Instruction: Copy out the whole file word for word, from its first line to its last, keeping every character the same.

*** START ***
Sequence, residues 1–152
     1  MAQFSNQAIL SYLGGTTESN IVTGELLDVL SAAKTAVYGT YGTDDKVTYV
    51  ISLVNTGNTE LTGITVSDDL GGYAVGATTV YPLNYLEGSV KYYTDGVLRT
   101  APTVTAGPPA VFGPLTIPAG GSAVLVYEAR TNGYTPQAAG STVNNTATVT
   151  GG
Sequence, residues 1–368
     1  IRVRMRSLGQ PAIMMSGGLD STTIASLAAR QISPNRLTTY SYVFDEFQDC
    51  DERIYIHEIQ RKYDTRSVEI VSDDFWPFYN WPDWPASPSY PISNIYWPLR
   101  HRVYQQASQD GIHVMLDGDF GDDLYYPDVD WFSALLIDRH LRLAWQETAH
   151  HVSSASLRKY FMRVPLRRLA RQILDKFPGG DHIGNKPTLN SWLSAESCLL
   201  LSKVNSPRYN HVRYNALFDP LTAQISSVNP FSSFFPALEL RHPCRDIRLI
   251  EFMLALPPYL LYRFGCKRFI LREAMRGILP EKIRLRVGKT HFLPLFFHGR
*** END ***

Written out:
Sequence, residues 1–152
     1  MAQFSNQAIL SYLGGTTESN IVTGELLDVL SAAKTAVYGT YGTDDKVTYV
    51  ISLVNTGNTE LTGITVSDDL GGYAVGATTV YPLNYLEGSV KYYTDGVLRT
   101  APTVTAGPPA VFGPLTIPAG GSAVLVYEAR TNGYTPQAAG STVNNTATVT
   151  GG
Sequence, residues 1–368
     1  IRVRMRSLGQ PAIMMSGGLD STTIASLAAR QISPNRLTTY SYVFDEFQDC
    51  DERIYIHEIQ RKYDTRSVEI VSDDFWPFYN WPDWPASPSY PISNIYWPLR
   101  HRVYQQASQD GIHVMLDGDF GDDLYYPDVD WFSALLIDRH LRLAWQETAH
   151  HVSSASLRKY FMRVPLRRLA RQILDKFPGG DHIGNKPTLN SWLSAESCLL
   201  LSKVNSPRYN HVRYNALFDP LTAQISSVNP FSSFFPALEL RHPCRDIRLI
   251  EFMLALPPYL LYRFGCKRFI LREAMRGILP EKIRLRVGKT HFLPLFFHGR